Travelling south from the famous Pyramids of Giza near Cairo you will see many other pyramids in the desert. One of these is the famous Step Pyramid of Djoser at Saqqara, 30 kilometres south of Cairo. This is an enormous complex of buildings comprising temples, pyramids, tombs etc. and the necropolis (City of the Dead) measures in total over 7 kilometres. From the time of the First Dynasty (from around 3000 BC) it served as the burial site for the nearby city of Memphis, at that time one of the largest cities in Egypt. Since 1979 the area has been a UNESCO World Heritage site.
The site contains the tombs of fifteen pharaohs of the Old Kingdom, many princes and princesses, priests and other important people from all periods of Egyptian history. Even in antiquity (from the 18th Dynasty onwards) the city was so important that it was a place of pilgrimage.
The famous Step Pyramid of King Djoser is the most recognisable structure in the complex. The tomb was built during the 3rd Dynasty, around 2700 BC. It is the oldest monumental stone structure in Egypt and can be seen as the forerunner of the classic pyramids as we know them.
The royal tomb stands in the middle of a complex of buildings which was once surrounded by a wall measuring 544 x 277 metres. The limestone wall incorporates fourteen gateways in niches, but only the gateway in the southeast corner is an actual entrance.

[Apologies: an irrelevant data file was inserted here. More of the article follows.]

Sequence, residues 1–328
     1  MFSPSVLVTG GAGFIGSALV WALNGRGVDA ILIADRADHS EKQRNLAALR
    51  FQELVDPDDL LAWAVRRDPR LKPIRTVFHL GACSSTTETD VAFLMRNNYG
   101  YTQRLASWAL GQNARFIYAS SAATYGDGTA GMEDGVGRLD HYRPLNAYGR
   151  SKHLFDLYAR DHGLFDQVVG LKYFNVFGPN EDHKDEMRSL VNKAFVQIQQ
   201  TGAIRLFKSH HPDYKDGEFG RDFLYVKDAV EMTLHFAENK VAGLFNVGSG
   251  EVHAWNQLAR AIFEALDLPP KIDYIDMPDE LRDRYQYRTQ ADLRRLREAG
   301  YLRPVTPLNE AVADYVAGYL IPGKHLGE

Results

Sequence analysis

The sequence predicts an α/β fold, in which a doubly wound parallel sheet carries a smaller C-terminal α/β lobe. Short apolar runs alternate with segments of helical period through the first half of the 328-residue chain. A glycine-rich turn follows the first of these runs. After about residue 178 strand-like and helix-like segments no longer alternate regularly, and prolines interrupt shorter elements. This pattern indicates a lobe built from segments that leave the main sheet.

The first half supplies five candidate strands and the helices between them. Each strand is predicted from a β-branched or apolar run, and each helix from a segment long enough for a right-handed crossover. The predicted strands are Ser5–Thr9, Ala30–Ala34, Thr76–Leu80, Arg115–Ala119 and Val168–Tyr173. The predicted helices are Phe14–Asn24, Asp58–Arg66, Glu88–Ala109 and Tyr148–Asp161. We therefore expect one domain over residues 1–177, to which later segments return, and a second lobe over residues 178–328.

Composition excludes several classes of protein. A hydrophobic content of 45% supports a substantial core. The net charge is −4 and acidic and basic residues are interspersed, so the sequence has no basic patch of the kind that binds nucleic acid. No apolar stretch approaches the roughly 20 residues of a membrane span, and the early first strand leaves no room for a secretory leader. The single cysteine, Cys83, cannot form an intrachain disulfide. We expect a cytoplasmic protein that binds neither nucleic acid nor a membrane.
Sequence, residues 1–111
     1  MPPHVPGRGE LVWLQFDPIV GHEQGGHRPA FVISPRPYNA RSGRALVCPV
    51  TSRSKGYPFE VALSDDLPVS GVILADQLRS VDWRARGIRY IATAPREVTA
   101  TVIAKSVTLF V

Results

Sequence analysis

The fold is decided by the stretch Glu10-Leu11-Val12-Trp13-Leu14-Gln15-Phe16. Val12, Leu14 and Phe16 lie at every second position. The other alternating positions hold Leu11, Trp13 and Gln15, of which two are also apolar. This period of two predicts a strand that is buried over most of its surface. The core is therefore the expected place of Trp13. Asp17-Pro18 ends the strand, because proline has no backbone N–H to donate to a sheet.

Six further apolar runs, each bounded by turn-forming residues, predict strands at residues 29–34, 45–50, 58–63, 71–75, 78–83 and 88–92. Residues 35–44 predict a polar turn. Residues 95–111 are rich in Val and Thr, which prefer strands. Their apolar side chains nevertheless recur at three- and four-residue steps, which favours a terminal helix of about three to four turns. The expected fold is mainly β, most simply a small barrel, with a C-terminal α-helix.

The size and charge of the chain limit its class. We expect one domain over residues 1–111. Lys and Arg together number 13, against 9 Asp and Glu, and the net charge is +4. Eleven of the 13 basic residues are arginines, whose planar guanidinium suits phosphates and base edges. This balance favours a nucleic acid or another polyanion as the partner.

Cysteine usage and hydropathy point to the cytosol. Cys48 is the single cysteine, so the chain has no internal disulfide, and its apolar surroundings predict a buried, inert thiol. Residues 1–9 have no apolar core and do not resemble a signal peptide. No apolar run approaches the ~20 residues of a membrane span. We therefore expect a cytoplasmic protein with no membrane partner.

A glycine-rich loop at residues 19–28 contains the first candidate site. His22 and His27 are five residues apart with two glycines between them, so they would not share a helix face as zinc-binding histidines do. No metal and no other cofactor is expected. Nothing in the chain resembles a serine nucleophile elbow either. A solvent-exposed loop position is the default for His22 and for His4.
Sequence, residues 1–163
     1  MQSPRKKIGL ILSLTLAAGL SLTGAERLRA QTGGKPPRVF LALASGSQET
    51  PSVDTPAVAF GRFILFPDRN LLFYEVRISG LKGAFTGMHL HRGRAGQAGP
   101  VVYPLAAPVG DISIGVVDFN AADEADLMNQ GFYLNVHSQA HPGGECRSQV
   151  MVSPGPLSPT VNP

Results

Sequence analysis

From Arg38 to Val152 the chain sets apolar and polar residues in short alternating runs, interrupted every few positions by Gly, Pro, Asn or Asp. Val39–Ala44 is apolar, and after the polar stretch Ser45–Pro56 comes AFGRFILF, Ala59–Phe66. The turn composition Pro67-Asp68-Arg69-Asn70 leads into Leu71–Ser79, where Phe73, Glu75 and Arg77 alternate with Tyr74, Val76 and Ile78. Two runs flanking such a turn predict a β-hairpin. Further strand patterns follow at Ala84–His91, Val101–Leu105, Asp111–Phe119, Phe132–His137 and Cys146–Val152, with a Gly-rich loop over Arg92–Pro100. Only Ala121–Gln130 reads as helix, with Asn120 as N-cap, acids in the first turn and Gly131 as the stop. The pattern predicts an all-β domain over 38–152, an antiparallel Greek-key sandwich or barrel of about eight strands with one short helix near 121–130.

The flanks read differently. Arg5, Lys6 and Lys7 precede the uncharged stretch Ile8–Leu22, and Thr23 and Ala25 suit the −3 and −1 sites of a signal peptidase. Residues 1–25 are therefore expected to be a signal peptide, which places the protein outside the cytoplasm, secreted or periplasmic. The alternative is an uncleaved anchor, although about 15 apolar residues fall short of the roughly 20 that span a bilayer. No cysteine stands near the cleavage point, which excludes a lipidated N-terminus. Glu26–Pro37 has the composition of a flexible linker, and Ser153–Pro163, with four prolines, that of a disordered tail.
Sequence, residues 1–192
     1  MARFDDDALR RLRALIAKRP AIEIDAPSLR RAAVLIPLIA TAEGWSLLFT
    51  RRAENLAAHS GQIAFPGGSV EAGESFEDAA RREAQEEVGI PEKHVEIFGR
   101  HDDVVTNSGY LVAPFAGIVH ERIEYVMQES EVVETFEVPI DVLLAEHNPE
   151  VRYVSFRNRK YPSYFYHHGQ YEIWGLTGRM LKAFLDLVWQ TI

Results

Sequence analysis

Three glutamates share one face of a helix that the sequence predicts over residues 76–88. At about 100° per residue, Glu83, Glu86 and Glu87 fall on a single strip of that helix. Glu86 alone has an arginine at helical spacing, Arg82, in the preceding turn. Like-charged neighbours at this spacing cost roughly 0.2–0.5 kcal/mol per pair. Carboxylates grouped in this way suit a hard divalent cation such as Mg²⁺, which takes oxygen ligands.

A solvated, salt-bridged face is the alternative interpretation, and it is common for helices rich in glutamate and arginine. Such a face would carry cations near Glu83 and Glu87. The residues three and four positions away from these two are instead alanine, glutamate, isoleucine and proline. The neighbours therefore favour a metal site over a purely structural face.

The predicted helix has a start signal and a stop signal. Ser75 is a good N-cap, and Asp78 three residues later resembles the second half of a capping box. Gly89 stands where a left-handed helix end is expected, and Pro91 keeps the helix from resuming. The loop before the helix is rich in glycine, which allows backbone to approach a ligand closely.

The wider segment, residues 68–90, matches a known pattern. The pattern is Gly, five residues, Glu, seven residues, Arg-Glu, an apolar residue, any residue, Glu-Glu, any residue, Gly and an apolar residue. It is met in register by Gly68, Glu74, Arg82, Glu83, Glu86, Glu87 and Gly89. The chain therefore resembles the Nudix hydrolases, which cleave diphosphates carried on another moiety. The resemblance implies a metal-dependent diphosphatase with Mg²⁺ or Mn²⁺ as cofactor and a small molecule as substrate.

With its six sloping layers, the step pyramid reaches a height of 60 metres and covers a ground area of 121 x 109 metres. It was not all built at once. It first began life as a so-called mastaba (Arabic: bank, because it looked like a sandbank) on top of a grave. It was later extended several times until it became a pyramid, originally with four layers.
The monumental six-step construction, the stone ‘stairway to heaven’, by which the pharaoh ascended to the region of the gods, is the result of a final change in the plans.
The actual (inaccessible) grave is a completely enclosed walled chamber at the bottom of a 28 metre deep vertical shaft. 40,000 earthenware pots were found in the underground galleries.
Immediately in front of the pyramid stands a building with three columns. The function of this temple is uncertain.
Close to the Pyramid of Djoser stands the Pyramid of Oenas, the last king of the 5th Dynasty. The monument was once 44 metres high but is now just a pile of stones. The burial chamber is open and is worth a visit. The walls of the antechamber and the burial chamber are decorated with vertical hieroglyphs. Every sign is engraved and painted blue. Oenas was the first king to have his tomb decorated with this kind of text: they are ritual and magic formulae and prayers designed to guarantee the survival of the pharaoh after his death and his acceptance into the realm of the gods. The walls around the sturdy basalt sarcophagus are decorated with reed patterns and the tapered ceilings with patterns of stars.
The site contains many other graves, structures, temple complexes and much more. Plus of course whatever still lies hidden under the sand.
In clear weather many more pyramids are visible in the distance including the famous Bent Pyramid and the Red Pyramid of Sneferu, erected between 2639 and 2604 BC.